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In C++20, the preprocessor supports __VA_OPT__ as a way to optionally expand tokens in a variadic macro if the number of arguments is greater than zero. (This obviates the need for the ##__VA_ARGS__ GCC extension, which is a non-portable and ugly hack.)

Clang SVN has implemented this feature, but they haven't added a feature test macro for it. Can any clever preprocessor hacker figure out a way to detect the presence or absence of __VA_OPT__ support without causing a hard error or a portability warning?

4 Answers 4

50

Inspired by chris's answer.1

#define PP_THIRD_ARG(a,b,c,...) c
#define VA_OPT_SUPPORTED_I(...) PP_THIRD_ARG(__VA_OPT__(,),true,false,)
#define VA_OPT_SUPPORTED VA_OPT_SUPPORTED_I(?)

If __VA_OPT__ is supported, VA_OPT_SUPPORTED_I(?) expands to PP_THIRD_ARG(,,true,false,), so the third argument is true; otherwise, VA_OPT_SUPPORTED_I(?) expands to PP_THIRD_ARG(__VA_OPT__(,),true,false,), the third argument is false.


Edit: As Edward Diener's answer notes, GCC >= 8 issues a warning or error whenever it sees __VA_OPT__, if -pedantic mode is on and __VA_OPT__ is not enabled (e.g. in -std=c++17). This is GCC bug 98859. One might have to special-case GCC to avoid this diagnostic.

#if __cplusplus <= 201703 && defined __GNUC__ \
  && !defined __clang__ && !defined __EDG__ // These compilers pretend to be GCC
#  define VA_OPT_SUPPORTED false
#endif

1. As chris mentions, if __VA_OPT__(,) expands to ,, there will be 2 empty arguments, otherwise there will be 1 argument. So it's possible to test PP_NARG(__VA_OPT__(,)) == 2, where PP_NARG is a macro to count the number of arguments. To adapt to this test, the definition of PP_NARG can be simplified and inlined.

1
  • 3
    This is the kind of brevity I was imagining when I said mine could probably be improved. Nice work :)
    – chris
    Dec 31, 2017 at 21:15
10

Something like the following should work, though you might be able to improve it:

#include <boost/preprocessor.hpp>

#define VA_OPT_SUPPORTED_II_1(_) 0
#define VA_OPT_SUPPORTED_II_2(_1, _2) 1

#define VA_OPT_SUPPORTED_I(...) BOOST_PP_OVERLOAD(VA_OPT_SUPPORTED_II_, __VA_OPT__(,))(__VA_OPT__(,))

#define VA_OPT_SUPPORTED VA_OPT_SUPPORTED_I(?)

On Clang trunk, this evaluates to 1 in C++2a mode and 0 in C++17 mode. GCC trunk actually evaluates this to 1 in C++17, but also handles __VA_OPT__ in that mode.

What this does is use BOOST_PP_OVERLOAD to call either the _1 or _2 version of _II based on the count of arguments. If __VA_OPT__(,) expands to ,, there will be 2 empty arguments. If not, there will be 1 empty argument. We always call this macro with an argument list, so any compiler supporting __VA_OPT__ should always expand it to ,.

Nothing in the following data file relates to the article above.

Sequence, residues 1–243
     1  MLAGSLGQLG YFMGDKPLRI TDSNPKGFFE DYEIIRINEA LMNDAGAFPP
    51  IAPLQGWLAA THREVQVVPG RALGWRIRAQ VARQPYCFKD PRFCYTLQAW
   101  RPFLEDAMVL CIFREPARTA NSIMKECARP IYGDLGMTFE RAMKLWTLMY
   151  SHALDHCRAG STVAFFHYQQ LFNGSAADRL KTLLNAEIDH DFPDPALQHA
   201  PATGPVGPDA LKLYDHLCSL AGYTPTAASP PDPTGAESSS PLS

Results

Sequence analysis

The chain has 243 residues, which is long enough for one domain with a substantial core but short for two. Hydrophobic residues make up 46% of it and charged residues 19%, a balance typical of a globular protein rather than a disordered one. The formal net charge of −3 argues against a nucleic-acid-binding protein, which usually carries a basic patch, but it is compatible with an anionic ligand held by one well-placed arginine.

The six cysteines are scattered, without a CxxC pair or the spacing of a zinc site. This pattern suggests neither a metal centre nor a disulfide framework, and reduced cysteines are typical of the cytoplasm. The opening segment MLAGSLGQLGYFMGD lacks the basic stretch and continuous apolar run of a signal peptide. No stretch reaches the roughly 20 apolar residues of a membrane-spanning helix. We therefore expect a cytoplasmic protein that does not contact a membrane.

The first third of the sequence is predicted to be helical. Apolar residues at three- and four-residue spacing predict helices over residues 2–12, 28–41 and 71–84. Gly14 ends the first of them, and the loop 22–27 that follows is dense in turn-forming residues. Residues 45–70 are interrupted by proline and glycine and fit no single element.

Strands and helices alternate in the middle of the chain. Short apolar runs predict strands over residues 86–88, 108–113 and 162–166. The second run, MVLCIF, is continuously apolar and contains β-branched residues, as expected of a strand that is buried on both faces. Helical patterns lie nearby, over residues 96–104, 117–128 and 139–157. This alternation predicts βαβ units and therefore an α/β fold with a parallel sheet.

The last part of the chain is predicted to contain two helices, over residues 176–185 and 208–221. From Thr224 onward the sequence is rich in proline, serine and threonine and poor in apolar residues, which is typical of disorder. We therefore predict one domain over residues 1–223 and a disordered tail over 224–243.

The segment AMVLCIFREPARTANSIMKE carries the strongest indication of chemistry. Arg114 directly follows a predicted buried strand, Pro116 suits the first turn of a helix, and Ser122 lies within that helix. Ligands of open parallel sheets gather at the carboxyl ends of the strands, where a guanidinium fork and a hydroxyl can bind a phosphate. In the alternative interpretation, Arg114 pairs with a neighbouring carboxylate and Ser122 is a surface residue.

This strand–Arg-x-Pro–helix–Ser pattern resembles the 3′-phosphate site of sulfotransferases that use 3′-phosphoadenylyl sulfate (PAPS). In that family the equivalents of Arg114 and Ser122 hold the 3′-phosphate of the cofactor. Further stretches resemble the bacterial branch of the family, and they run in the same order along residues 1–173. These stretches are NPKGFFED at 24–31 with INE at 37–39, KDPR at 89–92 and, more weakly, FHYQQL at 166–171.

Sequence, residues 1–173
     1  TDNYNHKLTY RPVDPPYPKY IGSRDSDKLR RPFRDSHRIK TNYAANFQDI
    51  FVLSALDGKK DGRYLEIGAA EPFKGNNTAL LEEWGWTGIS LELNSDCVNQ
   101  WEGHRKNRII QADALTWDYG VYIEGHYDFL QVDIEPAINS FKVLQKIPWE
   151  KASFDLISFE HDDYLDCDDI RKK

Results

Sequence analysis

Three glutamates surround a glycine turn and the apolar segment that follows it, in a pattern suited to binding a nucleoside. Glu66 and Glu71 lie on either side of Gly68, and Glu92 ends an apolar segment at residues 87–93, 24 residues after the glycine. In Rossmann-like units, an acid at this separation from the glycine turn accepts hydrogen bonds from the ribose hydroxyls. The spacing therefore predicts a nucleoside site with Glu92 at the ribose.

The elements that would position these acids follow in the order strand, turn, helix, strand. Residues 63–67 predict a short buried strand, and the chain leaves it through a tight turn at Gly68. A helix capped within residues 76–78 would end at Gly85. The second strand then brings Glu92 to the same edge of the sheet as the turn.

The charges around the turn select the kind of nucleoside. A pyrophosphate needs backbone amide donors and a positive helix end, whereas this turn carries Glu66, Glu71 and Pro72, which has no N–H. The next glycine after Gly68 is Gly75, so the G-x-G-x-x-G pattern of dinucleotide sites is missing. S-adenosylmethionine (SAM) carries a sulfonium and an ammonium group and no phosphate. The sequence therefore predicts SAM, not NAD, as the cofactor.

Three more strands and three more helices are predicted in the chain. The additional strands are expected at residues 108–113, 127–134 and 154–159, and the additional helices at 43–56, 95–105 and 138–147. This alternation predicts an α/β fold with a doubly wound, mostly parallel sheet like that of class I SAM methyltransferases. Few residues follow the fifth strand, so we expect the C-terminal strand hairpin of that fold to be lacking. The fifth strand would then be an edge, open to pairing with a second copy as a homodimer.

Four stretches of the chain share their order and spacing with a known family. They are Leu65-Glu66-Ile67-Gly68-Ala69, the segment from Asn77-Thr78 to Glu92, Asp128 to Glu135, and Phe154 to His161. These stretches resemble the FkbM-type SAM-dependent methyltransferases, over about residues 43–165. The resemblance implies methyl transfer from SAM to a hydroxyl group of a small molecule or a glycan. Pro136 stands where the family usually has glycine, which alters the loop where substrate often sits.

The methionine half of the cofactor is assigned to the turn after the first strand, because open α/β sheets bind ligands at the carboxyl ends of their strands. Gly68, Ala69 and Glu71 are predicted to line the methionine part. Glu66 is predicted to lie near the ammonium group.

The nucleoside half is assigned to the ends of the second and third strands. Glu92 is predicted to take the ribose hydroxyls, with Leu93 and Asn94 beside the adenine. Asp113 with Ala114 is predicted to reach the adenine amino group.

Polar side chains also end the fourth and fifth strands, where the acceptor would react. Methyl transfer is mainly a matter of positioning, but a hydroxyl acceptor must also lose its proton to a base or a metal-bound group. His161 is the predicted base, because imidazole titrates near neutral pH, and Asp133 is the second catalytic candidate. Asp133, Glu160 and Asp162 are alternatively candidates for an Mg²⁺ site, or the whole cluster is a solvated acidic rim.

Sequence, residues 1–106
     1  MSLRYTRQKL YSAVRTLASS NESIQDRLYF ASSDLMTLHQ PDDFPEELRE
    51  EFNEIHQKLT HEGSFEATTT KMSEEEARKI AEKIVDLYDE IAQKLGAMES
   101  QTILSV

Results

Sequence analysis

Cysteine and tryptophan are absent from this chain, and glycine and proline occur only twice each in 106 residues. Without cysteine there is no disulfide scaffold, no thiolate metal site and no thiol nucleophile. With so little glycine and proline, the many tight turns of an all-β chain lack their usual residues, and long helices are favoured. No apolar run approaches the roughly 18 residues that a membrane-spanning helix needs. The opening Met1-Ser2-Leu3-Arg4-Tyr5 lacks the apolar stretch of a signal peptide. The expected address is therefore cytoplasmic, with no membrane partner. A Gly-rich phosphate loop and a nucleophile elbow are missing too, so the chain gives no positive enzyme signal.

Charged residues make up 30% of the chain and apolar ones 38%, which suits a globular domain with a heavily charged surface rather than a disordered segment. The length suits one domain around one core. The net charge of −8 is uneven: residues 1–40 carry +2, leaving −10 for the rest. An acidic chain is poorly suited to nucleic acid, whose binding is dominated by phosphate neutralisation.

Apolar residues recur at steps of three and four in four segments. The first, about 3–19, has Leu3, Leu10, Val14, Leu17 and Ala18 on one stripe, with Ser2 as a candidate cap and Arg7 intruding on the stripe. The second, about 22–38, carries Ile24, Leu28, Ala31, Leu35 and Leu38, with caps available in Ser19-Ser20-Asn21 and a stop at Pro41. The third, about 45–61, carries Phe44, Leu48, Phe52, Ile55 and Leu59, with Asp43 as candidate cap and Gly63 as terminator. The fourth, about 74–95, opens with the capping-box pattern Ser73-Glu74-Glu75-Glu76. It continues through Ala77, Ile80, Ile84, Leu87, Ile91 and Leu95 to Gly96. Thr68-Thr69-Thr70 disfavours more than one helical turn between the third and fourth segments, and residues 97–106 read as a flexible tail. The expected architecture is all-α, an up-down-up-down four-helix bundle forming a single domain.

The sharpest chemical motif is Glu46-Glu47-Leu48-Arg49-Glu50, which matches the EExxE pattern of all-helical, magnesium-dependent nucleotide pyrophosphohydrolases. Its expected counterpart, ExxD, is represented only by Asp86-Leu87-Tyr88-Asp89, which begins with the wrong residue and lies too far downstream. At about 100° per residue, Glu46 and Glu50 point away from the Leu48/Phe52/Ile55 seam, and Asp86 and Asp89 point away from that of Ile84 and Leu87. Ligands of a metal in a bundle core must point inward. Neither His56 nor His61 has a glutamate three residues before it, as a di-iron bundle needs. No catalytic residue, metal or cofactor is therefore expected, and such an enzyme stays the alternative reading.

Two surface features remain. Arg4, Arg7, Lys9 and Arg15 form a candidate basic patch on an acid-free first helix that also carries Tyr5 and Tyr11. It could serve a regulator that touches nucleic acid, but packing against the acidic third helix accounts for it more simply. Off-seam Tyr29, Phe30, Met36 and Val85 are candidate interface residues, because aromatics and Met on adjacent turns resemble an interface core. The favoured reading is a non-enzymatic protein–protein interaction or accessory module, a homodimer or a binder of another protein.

Naturally, the Boost.PP dependency isn't mandatory. A simple 1-or-2-arg OVERLOAD macro should be easy enough to replace. Losing a bit of generality to make it more straightforward:

#define OVERLOAD2_I(_1, _2, NAME, ...) NAME
#define OVERLOAD2(NAME1, NAME2, ...) OVERLOAD2_I(__VA_ARGS__, NAME2, NAME1)

#define VA_OPT_SUPPORTED_I(...) OVERLOAD2(VA_OPT_SUPPORTED_II_1, VA_OPT_SUPPORTED_II_2, __VA_OPT__(,))(__VA_OPT__(,))

There is one portability warning from Clang:

warning: variadic macros are incompatible with C++98 [-Wc++98-compat-pedantic]

I don't know if this detection is even possible without C++11 variadic macro support. You could consider assuming no support for __cplusplus values lower than C++11, but Clang still gives the warning even when wrapped in such a check.

2
  • 1
    I would love to accept this answer, but I need no dependencies, and I don't have the PP skills to implement OVERLOAD. Care to remove the Boost.PP dependence? Dec 31, 2017 at 20:54
  • @EricNiebler, Sure. In the meantime, there are several SO questions, including this one.
    – chris
    Dec 31, 2017 at 20:56
6

The problem with the solution as it is specified in its most popular answer above is that the compiler is free to issue a warning, or even an error, if __VA_OPT__ is used outside of its C++20 mode, since the word is a compiler reserved word since it starts and ends with double underscores. In fact I have discovered that gcc will issue a warning or an error depending on the compiler options being used, although it will normally not do so in most compiling cases. Because of this surrounding any solution with a current test for C++20, such as:

# if defined(__cplusplus) && __cplusplus > 201703L
// Solution
#endif

is a more conservative solution although it limits the test to C++20 or higher.

1

As mentioned in the other answer, you can write your own OVERLOAD macro. BOOST_PP_OVERLOAD consists of two parts, BOOST_PP_CAT and BOOST_PP_VARIADIC_SIZE. However, unlike Boost, you only care about 2 args. So:

#define OVERLOAD(prefix, ...) CAT(prefix, VARIADIC(__VA_ARGS__))

CAT will look like:

#define CAT(a, b) KITTY((a, b))
#define KITTY(par) MEOW ## par
#define MEOW(a, b) a ## b

And VARIADIC:

#define VARIADIC(...) _VARIADIC_(__VA_ARGS__, 2, 1,)
#define _VARIADIC_(e0, e1, size, ...) size

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